I studied the Scriptures. I wanted nothing more than to please God. I believe that ALL Scripture is inspired by God and relevant for our lives today. My heart was stirred by the Scripture in Mark 12: 28-31. And one of the scribes came, and having heard them reasoning together, and perceiving that he had answered them well, asked him, Which is the first commandment of all?And Jesus answered him, The first of all the commandments is, Hear, O Israel; The Lord our God is one Lord:And thou shalt love the Lord thy God with all thy heart, and with all thy soul, and with all thy mind, and with all thy strength: this is the first commandment.And the second is like, namely this, Thou shalt love thy neighbour as thyself. There is none other commandment greater than these.” and John 13:34, A new commandment I give unto you, That ye love one another; as I have loved you, that ye also love one another.” And Micah 6:8, He hath shewed thee, O man, what is good; and what doth the Lord require of thee, but to do justly, and to love mercy, and to walk humbly with thy God?”

While I was very familiar with the Scripture in 1 Corinthians, no where in my research could I find that the head covering was required of me to live a Christian life today. I know there are those who disagree with me, but I have “worked out my own salvation with fear and trembling.” (Philippians 2:12)

As I have tended to my soul, my outer person continues to be transformed as well.

I have utmost respect for someone whose firm conviction is to be veiled. However, I can’t help but wonder if a greater movement might be based on Mark 12.

 

 

Letter to a Teacher

Dear Teacher,

Our son is about to enter your kindergarten class. Admittedly, this mama is a nervous emotional wreck. As a former preschool teacher, I know that a child’s caregiver knows more about that child’s family than the parents would ever want to admit. But that’s not what makes me emotional. I have not yet been able to comprehend sending my child to someone else for 8 hours a day, 5 days a week. I am grieving the loss of time I will be able to spend with him.

We considered homeschooling, but ultimately, we believe YOU have something unique and special to offer our precious child. We are trusting you to see him as an individual, not just as a student.

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You see, he was our second-born living child, but sadly, the first one we were able to bring home from the hospital. From birth, he has had an amazing ability to sense sadness and loneliness, and respond with compassion, wisdom and tenderness beyond his years. Death has been a part of our everyday language, but he is still filled with vibrant wonder, trust and belief in God and humankind.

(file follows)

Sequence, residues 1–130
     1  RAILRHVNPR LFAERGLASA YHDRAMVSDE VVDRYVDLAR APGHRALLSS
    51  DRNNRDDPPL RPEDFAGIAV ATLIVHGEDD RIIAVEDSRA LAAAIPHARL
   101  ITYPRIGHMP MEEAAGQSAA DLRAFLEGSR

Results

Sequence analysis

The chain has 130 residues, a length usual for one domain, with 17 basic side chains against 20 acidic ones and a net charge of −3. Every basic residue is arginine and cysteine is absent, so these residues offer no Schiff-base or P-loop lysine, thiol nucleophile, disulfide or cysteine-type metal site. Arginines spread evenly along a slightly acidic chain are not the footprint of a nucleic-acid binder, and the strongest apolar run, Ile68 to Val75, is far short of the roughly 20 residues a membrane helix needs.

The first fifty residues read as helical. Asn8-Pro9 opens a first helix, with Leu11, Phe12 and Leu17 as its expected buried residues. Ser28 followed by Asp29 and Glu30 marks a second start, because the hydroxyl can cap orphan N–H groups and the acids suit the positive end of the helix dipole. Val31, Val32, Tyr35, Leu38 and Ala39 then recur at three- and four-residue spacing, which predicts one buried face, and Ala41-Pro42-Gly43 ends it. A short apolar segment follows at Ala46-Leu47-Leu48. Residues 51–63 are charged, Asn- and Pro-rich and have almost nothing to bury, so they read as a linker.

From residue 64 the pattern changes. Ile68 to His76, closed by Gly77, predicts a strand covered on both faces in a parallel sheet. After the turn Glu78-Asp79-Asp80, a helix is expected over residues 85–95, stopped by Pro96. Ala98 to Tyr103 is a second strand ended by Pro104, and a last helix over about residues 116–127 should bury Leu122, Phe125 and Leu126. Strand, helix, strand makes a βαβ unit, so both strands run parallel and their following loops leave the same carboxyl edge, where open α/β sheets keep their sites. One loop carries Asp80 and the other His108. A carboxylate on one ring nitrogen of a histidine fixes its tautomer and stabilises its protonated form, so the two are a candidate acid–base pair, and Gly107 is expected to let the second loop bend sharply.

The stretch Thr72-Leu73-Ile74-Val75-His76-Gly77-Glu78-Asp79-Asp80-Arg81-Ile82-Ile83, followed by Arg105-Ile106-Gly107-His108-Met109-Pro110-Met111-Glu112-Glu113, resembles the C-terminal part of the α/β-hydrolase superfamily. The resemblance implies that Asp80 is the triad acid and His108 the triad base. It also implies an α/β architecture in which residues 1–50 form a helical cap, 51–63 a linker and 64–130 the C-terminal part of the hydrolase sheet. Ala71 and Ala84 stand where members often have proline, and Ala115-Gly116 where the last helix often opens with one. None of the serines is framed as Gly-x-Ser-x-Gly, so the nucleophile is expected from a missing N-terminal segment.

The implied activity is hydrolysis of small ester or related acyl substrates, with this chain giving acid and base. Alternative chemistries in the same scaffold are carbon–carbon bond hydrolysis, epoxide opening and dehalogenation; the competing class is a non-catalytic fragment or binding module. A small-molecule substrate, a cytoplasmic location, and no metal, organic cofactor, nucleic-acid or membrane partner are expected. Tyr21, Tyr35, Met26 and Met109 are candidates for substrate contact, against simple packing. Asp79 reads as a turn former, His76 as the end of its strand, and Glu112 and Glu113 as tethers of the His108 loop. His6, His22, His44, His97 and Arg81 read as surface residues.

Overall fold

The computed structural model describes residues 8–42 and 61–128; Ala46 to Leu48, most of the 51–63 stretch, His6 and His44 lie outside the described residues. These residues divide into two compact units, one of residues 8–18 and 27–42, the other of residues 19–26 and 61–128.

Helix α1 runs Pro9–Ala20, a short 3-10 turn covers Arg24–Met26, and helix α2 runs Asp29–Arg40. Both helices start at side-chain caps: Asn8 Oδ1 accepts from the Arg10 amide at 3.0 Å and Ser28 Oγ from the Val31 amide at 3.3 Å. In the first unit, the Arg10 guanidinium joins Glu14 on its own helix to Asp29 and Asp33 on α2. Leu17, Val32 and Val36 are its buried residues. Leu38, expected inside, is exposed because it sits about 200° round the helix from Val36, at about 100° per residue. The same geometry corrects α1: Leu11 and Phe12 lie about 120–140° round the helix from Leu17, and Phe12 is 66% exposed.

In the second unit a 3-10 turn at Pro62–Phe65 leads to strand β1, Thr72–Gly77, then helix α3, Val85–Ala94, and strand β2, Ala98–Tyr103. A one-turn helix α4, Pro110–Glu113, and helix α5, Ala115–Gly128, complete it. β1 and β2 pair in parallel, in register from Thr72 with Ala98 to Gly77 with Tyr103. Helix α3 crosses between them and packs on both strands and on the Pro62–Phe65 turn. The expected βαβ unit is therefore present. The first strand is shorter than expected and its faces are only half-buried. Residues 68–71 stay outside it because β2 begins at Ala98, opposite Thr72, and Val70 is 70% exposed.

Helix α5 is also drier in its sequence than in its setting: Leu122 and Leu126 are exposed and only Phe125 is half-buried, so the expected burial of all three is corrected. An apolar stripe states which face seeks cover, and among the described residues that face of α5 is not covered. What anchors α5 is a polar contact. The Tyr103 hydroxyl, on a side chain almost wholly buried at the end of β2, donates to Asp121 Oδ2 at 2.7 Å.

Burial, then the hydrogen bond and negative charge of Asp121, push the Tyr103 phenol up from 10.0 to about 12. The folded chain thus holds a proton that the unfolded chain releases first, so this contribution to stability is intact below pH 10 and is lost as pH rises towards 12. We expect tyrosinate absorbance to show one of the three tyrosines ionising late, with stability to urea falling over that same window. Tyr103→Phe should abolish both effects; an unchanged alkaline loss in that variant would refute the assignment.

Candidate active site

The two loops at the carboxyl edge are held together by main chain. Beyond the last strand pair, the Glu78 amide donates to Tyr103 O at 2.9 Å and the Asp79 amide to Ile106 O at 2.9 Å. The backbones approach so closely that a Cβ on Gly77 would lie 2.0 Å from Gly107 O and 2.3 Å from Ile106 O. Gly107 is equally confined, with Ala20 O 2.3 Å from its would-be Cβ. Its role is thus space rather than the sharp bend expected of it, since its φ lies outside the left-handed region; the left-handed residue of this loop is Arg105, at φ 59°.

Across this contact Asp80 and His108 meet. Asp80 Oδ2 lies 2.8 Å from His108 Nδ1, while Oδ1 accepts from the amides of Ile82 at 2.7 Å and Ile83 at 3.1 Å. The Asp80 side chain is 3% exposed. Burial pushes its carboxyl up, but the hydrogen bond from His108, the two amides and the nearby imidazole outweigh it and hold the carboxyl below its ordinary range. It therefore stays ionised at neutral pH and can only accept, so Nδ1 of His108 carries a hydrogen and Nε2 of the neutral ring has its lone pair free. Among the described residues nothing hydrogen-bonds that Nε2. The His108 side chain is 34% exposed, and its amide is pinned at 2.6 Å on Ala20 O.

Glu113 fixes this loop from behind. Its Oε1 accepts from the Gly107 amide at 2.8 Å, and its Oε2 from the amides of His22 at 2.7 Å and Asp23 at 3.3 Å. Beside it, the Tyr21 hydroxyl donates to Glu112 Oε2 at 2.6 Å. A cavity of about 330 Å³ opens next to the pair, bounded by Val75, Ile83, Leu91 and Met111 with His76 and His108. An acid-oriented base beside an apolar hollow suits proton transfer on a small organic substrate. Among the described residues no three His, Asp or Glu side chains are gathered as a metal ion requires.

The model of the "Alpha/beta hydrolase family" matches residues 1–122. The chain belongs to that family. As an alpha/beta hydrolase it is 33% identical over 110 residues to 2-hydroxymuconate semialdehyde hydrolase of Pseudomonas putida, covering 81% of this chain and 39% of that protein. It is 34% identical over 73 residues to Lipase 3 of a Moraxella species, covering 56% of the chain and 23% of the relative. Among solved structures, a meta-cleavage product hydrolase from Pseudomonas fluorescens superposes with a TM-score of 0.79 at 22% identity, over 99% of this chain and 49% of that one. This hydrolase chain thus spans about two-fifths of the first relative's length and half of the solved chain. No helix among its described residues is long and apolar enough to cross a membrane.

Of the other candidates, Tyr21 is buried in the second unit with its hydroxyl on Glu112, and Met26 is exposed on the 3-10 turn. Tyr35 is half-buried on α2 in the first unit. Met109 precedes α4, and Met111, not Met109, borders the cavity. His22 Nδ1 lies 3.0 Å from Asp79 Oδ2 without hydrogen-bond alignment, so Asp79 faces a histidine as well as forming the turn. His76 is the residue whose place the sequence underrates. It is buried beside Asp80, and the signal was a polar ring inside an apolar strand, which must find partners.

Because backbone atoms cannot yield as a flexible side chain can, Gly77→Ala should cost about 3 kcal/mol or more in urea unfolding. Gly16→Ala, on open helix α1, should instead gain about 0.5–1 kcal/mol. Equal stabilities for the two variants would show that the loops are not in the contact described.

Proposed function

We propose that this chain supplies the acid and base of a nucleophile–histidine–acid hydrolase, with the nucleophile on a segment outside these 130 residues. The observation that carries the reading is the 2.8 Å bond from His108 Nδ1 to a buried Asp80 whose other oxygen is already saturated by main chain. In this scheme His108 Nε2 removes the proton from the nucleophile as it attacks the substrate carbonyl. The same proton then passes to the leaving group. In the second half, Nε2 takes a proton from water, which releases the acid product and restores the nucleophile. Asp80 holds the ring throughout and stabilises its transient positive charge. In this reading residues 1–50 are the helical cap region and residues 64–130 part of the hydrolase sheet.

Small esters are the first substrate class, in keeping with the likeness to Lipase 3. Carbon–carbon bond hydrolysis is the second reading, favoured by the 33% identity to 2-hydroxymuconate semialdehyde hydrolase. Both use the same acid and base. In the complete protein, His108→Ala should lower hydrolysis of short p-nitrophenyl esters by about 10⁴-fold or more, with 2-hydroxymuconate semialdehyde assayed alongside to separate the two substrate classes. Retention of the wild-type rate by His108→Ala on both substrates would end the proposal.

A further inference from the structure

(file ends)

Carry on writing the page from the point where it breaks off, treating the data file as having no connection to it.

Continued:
He always remembers his angel sister he never met and is fiercely protective and loving of his baby sister. He adores his dog, Sampson, and his cats, Green Bean and Nelson.

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He loves camping, fishing, bugs, mud fights, swimming, campfires and helping daddy around the house. He has an incredible ear for music and knack for memorization. If he talks about healthy and unhealthy, it is because he helps me cook and garden and our conversation is often centered around nutrition during those times.

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He clothing style is shaped by his farming, cut-up t-shirt wearing Uncle Mikey, whom he adores, as well as by his love of bull-riding he shared with his late grandpa. His grandma intervenes with some dress clothes you might see him wear on occasion and he loves to wear ties like his daddy. There are times when he insists on wearing ties with his farm shirts, but I don’t mind because he is so cute.

Although we’ve had “the talk,” he might occasionally bring up a conversation about guns or knives. Rest assured, these are all tucked safely away in a locked cabinet. Our family values living off the land as much as possible and that includes harvesting game to grace our table and fill our tummies when we can. Even his BB gun and fishing pole require one hundred percent adult supervision.

He is a fairly typical child in many ways. He will certainly need your instruction, your affirmation and even your discipline at times. It is my prayer that you will see him and all the children in your classroom as unique as their DNA proves them to be. All of them come to you with a diverse set of stories and circumstances and will learn through the lens of their own experiences. You have a difficult job, a calling that I am not equipped to walk in. You hold in your possession the power to help shape the lives of these precious children into responsible contributors to our world.

I know it’s not all up to you. As his parents, we commit to continue our part at home. Please let us know the ways we can best support each other in raising this precious gift we cherish so dearly. And know that while he is making you laugh, testing the limits or trying your patience at school, we are eagerly awaiting his return to our arms every day.

Sincerely,

Eli’s Mom

Waiting

Waiting. I am currently waiting for a haircut appointment. I have someone else waiting on me for an appointment. But sometimes the waiting is more difficult. Sometimes waiting requires being present. Being present requires being still, reflective, looking deep within and acknowledging all that we are and then addressing that which is revealed.

Yesterday I waited for my grief to diminish. Grief that caught me off-guard as I anticipate the 6-year anniversary of our daughter’s birth and death this week. Six years. Haven’t I waited long enough?

I wait in anticipation of my upcoming licensing service this Sunday.

I can fill my waiting time with meaningless clutter or I can sit, be present, feel and acknowledge whatever emotions I am experiencing at that moment and pray that in the waiting I am learning and growing, emptying and filling.

And sometimes, waiting is done best by playing…